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Critics call Michigan financial disclosure proposal a weak ‘con job’

 Michigan State Capitol Building & Surrounding Lansing Area Just Before Dusk
The current financial disclosure plan creates “too many loopholes” when it comes to reporting spousal income and lacks the stiff penalties and enforcement options needed to ensure compliance, Secretary of State Jocelyn Benson told lawmakers Wednesday. (iStock photo by ReDunnLev)
  • Lawmakers this week unveiled financial disclosure plan for public officials, requiring them to list assets
  • Secretary of State Jocelyn Benson, others say there are too many loopholes, not strong enough penalties
  • Supporters say plan is first step, better than status quo

Michigan lawmakers are closer than ever to enacting financial disclosure rules for public officials and candidates into state law, but Secretary of State Jocelyn Benson and some fellow Democrats say the plan leaves much to be desired.

She and others urged legislators on Wednesday to mandate disclosure of spousal income, gifts from political nonprofits and other groups and beef up other parts of the proposed rules that were unveiled this week.


“This is Michigan's part in either restoring the trust of the voters or trying to pull the wool over their eyes,” former state Rep. David LaGrand, a Grand Rapids Democrat who repeatedly led efforts to require financial disclosure in Michigan, told lawmakers during testimony in the Senate Oversight Committee.

“We cannot pass legislation which is a con job.”


Lawmakers have until the end of the year to enact financial disclosure regulations following the passage of Proposal 1, a 2022 initiative approved by voters that requires lawmakers and statewide officials, including the governor, to annually disclose their income sources and a description of their assets.

Senate Bills 613 through 616, introduced with bipartisan support this week, would require officials and candidates for office to disclose all income sources that exceed $1,000, as well as assets, stocks, bonds, unearned income and liabilities exceeding $10,000. 

Benson told lawmakers the bills are a good start but leave “too many loopholes” and lack stiff penalties and enforcement options necessary to ensure compliance.

“There's a lot more we need to do in order to truly make real the will of the voters and ensure Michigan is not among the worst in government transparency and ethics,” Benson said. “We've often said we want to go from worst to first. These bills on their own would not take us there.”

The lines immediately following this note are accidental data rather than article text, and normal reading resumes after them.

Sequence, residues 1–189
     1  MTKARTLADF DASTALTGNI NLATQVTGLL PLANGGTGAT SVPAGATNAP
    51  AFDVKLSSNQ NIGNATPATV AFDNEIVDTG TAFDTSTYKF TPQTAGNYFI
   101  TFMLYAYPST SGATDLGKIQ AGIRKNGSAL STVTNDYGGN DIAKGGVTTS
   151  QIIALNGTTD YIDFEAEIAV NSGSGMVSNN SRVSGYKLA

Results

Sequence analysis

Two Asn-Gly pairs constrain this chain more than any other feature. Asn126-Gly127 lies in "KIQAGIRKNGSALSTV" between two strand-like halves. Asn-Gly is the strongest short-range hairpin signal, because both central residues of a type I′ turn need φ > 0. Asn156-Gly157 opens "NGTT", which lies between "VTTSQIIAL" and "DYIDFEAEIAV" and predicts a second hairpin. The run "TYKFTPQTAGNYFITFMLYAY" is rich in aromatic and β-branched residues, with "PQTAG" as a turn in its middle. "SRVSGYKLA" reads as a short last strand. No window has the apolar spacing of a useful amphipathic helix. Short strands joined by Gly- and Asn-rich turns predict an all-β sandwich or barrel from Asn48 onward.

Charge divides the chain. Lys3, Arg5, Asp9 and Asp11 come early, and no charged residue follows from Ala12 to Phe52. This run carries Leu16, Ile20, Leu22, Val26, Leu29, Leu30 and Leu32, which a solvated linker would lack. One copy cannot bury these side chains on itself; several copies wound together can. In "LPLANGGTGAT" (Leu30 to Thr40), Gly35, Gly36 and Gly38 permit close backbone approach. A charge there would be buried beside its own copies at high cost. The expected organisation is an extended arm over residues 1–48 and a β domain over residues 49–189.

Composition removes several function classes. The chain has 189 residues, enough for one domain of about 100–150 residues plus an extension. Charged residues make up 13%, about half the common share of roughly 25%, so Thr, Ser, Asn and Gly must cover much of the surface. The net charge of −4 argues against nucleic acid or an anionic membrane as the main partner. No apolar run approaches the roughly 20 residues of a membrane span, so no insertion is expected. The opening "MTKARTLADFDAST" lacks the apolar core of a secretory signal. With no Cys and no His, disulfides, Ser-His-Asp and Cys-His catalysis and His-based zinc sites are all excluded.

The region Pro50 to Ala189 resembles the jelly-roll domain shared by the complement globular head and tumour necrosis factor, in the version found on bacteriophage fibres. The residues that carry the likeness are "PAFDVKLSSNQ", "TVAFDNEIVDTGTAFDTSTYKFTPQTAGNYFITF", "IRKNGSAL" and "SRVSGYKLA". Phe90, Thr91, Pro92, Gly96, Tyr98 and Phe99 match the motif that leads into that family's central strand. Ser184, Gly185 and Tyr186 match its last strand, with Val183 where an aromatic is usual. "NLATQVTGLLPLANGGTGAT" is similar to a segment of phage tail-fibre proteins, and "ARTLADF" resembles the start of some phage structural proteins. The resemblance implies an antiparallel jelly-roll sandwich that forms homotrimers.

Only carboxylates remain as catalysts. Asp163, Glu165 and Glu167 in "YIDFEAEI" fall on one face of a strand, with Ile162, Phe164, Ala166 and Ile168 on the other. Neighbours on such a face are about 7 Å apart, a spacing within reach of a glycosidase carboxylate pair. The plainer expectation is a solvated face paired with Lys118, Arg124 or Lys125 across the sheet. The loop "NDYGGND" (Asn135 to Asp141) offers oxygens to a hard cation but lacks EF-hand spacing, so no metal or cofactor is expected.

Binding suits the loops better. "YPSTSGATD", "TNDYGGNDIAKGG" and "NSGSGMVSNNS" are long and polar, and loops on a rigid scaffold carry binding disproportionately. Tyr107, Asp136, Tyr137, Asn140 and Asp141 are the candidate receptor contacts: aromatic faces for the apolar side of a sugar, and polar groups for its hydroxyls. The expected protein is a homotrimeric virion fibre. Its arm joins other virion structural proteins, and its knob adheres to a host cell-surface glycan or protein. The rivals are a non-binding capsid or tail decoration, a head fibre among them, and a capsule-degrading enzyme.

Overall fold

Good-government groups, including the Center for Public Integrity, have consistently ranked Michigan low for government integrity, in part because of weak laws regarding lobbying, financial disclosure and public records. 

Michigan is one of two states that exempts the governor and Legislature from the Freedom of Information Act. Democrats have acknowledged they won’t fulfill their promise to reform the public records law this year. 

Supporters of the financial disclosure bills said Wednesday that more government transparency reforms are coming, citing the need for urgency to comply with constitutional requirements. 

Some regretted there isn’t enough time in the legislative calendar to do more.

“I don't think we should pat ourselves too hard on the back today, considering that it's October, and we should have brought these bills to the fore in January,” said Sen. Ed McBroom, R-Waucedah Township.


Senate Elections and Ethics Chair Jeremy Moss, a Southfield Democrat and a lead sponsor on the package, urged critics to “shake off your pessimism,” calling the legislation the “long overdue beginning” of improving government transparency in Michigan. 

“This is objectively a huge step forward compared to the system that does not hold our elected officials accountable,” Moss said.

“I, for one, couldn't be more enthusiastic that this day has finally arrived, and no one's going to steal that joy from me,” he added.

LaGrand countered that the Legislature could easily fix what he viewed as the most glaring issues with the bills: wide exemptions for spousal disclosure requirements, and the lack of disclosure of gifts offered by people other than lobbyists.

“You cannot have a legitimate, authentic trust-based relationship with the people if you have an exception in your bill which invalidates the entire bill, potentially,” he said. “Do not pass this and hope that people will stop paying attention. We have to pay attention right now.”

House Democrats diverge

Later Wednesday, a group of House Democrats unveiled their own proposal for financial disclosure, which in certain respects differs substantially from the Senate package.

The House plan, whose sponsors include Rep. Phil Skaggs of East Grand Rapids, and House Ethics and Oversight Committee Chair Erin Byrnes of would require additional information about income sources, businesses and other assets over $50,000 for a filer’s spouse and dependents. 

Their version would also require filers to specify whether assets and income sources over $1,000 were under or over $50,000. Some transparency advocates have argued such a value range is important to understanding the extent of potential conflicts. 

“If we're going to have financial disclosure which voters are going to believe as genuine, then we have to make sure that there are not places where candidates and elected officials can easily hide their money,” said Skaggs, who served as LaGrand’s legislative director before running for office. 

Both the House and Senate worked closely on financial disclosure bills, but “in the end had some differences of opinion,” Skaggs said. The bills were not assigned to a House committee by leadership, which Skaggs said amounts to a “missed opportunity” to implement meaningful reforms.

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